DISCLAIMER: the following is provided as-is. You should always properly backup your data before performing any actions directly against your SQL Server database

Recently, while at a customer site, we had to mass recalculate the available quantities for their fiber optic cables. We used to suggest touching each fiber strand's availability field to force the auto updater to recalculate the counts. But, we did update that auto updater in our last release for performance and it will now only "adjust" counts by 1 based on your action. In the coming release, we will also update that auto updater to not recalculate if the value did not change, so that work around is also going away.

However, we were able to run the following SQL script against their data:

UPDATE arcfm.FIBEROPTICCABLE
SET    SinglemodeAvailabilityQty = q.count
FROM   arcfm.FIBEROPTICCABLE c1
       INNER JOIN (SELECT c .GlobalID,
                          Count(*) AS count
                   FROM   arcfm .FIBEROPTICCABLE AS c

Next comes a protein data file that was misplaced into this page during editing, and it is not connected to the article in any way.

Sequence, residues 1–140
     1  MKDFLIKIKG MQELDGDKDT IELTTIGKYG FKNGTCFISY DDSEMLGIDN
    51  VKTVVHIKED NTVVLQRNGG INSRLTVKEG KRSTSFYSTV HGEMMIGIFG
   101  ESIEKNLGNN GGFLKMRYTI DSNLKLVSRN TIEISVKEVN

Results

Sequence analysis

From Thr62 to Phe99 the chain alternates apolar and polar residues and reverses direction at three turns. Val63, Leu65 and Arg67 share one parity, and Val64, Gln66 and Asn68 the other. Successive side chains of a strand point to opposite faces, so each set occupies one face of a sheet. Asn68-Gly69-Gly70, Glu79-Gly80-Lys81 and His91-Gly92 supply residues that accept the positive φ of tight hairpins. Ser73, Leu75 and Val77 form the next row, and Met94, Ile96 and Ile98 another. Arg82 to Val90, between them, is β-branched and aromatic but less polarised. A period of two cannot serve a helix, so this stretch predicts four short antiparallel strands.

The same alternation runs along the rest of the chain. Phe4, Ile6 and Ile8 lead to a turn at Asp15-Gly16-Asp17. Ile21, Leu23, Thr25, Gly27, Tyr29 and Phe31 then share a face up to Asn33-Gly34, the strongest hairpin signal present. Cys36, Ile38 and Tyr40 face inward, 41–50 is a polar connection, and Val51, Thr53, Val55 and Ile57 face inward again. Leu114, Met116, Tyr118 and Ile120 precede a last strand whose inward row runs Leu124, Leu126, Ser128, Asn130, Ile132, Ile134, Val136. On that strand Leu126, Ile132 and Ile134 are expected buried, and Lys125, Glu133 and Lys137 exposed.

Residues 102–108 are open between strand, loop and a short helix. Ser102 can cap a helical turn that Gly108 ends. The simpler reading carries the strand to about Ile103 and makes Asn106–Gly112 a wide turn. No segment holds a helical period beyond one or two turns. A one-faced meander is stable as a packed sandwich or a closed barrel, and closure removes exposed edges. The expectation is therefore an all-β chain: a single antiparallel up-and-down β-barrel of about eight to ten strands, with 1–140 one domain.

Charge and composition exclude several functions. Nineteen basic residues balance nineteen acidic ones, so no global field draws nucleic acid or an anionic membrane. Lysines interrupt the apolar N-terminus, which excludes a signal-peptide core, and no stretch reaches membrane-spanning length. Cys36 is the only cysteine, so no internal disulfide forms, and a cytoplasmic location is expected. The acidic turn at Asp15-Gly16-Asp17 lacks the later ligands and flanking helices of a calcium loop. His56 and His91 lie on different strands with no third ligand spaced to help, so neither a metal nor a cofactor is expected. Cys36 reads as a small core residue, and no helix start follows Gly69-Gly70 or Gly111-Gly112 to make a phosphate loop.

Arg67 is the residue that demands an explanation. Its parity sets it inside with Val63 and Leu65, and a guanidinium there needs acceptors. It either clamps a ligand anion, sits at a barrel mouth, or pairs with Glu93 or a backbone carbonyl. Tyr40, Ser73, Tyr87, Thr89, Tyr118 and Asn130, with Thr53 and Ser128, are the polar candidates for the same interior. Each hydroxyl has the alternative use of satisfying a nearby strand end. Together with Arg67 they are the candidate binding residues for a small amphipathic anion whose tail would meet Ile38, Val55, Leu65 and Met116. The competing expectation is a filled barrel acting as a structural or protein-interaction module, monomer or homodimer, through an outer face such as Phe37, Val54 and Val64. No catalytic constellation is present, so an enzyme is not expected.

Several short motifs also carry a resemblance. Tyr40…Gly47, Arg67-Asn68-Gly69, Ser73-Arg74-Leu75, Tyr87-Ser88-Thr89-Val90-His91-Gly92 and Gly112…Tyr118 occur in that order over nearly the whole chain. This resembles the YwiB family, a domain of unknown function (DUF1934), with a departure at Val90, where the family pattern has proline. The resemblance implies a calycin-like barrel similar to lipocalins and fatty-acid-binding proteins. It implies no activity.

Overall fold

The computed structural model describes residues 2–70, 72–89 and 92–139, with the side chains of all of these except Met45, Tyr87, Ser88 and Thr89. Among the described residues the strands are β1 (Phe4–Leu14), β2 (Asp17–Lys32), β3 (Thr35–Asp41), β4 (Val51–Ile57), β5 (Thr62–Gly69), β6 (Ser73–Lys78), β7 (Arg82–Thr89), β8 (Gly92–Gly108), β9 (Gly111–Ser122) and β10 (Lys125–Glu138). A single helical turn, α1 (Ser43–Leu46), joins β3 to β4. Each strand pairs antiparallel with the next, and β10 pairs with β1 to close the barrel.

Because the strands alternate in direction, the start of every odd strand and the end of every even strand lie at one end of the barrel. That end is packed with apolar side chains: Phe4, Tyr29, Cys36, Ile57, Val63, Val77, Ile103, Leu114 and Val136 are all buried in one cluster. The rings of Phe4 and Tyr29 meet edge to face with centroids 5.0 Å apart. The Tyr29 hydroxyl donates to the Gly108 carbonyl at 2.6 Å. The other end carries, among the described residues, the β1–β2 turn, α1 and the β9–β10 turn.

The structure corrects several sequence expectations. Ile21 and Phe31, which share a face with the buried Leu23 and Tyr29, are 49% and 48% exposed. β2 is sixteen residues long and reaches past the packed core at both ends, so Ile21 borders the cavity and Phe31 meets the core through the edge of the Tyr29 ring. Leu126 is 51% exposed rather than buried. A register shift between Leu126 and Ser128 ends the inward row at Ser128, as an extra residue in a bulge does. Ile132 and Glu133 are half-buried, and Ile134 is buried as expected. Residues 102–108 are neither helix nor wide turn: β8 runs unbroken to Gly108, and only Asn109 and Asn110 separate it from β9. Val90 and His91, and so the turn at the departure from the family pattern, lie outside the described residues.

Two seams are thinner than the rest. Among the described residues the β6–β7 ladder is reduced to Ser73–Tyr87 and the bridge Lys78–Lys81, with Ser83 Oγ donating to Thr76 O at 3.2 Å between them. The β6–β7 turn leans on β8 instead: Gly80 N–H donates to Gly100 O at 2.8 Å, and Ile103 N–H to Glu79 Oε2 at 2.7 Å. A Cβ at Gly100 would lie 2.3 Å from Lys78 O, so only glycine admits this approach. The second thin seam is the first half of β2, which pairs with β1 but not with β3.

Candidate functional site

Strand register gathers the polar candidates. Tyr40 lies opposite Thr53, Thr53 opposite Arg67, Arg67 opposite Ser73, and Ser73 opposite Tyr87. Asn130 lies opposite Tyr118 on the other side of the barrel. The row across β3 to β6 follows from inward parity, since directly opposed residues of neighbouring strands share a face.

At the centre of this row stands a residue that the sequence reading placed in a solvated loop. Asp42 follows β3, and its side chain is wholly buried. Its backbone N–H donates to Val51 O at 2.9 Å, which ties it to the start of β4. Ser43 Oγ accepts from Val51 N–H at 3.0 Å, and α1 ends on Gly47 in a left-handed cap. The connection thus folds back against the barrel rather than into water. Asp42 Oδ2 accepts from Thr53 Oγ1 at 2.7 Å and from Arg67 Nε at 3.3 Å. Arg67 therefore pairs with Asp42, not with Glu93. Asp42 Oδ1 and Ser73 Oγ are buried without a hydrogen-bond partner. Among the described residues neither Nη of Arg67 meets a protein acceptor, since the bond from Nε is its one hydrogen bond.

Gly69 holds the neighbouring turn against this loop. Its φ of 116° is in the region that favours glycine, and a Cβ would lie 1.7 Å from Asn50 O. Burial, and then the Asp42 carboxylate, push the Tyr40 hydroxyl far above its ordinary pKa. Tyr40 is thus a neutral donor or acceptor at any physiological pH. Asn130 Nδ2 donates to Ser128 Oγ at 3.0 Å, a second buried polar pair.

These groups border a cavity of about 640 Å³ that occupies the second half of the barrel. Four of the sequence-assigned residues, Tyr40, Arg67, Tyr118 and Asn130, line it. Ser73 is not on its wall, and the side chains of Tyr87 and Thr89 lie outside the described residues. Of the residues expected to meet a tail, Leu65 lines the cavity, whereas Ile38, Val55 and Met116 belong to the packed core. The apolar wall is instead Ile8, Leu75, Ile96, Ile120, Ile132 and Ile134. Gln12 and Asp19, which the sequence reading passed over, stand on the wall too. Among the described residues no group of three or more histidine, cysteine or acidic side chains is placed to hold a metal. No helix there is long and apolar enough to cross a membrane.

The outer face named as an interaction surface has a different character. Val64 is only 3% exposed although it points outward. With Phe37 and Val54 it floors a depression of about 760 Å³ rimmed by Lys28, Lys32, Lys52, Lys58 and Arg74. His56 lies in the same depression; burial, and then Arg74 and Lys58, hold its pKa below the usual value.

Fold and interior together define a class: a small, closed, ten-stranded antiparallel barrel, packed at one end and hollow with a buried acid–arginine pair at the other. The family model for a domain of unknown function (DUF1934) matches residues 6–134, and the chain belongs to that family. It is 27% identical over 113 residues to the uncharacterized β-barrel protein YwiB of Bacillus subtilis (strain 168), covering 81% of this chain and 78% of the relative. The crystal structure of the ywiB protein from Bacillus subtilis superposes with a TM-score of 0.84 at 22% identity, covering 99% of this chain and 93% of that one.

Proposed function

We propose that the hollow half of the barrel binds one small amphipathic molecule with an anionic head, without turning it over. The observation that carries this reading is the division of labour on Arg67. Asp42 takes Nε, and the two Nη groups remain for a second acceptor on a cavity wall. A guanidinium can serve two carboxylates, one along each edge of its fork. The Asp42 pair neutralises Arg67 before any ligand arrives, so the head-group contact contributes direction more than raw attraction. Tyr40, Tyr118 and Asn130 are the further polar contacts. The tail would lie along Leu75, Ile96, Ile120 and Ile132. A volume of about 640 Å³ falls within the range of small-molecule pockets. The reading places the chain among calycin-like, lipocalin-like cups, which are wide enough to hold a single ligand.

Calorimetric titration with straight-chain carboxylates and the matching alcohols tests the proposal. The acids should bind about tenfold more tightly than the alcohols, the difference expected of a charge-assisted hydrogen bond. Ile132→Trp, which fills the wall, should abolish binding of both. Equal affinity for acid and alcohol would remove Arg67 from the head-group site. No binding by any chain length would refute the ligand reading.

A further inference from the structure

INNER JOIN arcfm.F_BUFFERTUBE AS b
                                  ON b.FIBERPARENT = c.GlobalID
                          INNER JOIN arcfm.F_FIBER AS f
                                  ON f.FIBERPARENT = b.GlobalID
                   WHERE  f.Available = 1
                   GROUP  BY c.GlobalID) q
               ON c1.GlobalID = q.GlobalID;

 

The above script ran against their data (~10k cables, ~350k strands) in just a couple of seconds. Hopefully the names are simple to relate to your data.

 

This solution obviously has some limitations that you should be aware of:

  • as-is, it can only run against an unversioned set of tables (cables, buffer tubes and strands). We did try to run it against versioned views, but the complex inner query with joins violates Esri's limitations for updating data via versioned views. If you are interested in customizing this script to work against versioned views, I would love to learn how you got it to work. My first recommendation would be to load the inner query results in a separate table and try a simpler update query.
  • The provided implementation does not care about single mode vs. multi mode counts. However, it would be pretty easy to customize the inner where clause to filter only single mode or multi mode fibers and update the corresponding field on the cable. You would have to run two different queries for each mode.
  • The provided query is based on our recommended data model: Cables => Buffer Tubes => Strands

 

Thinking maybe someone like Ed Blair, Brian Higgins or Skye Perry could use this at times.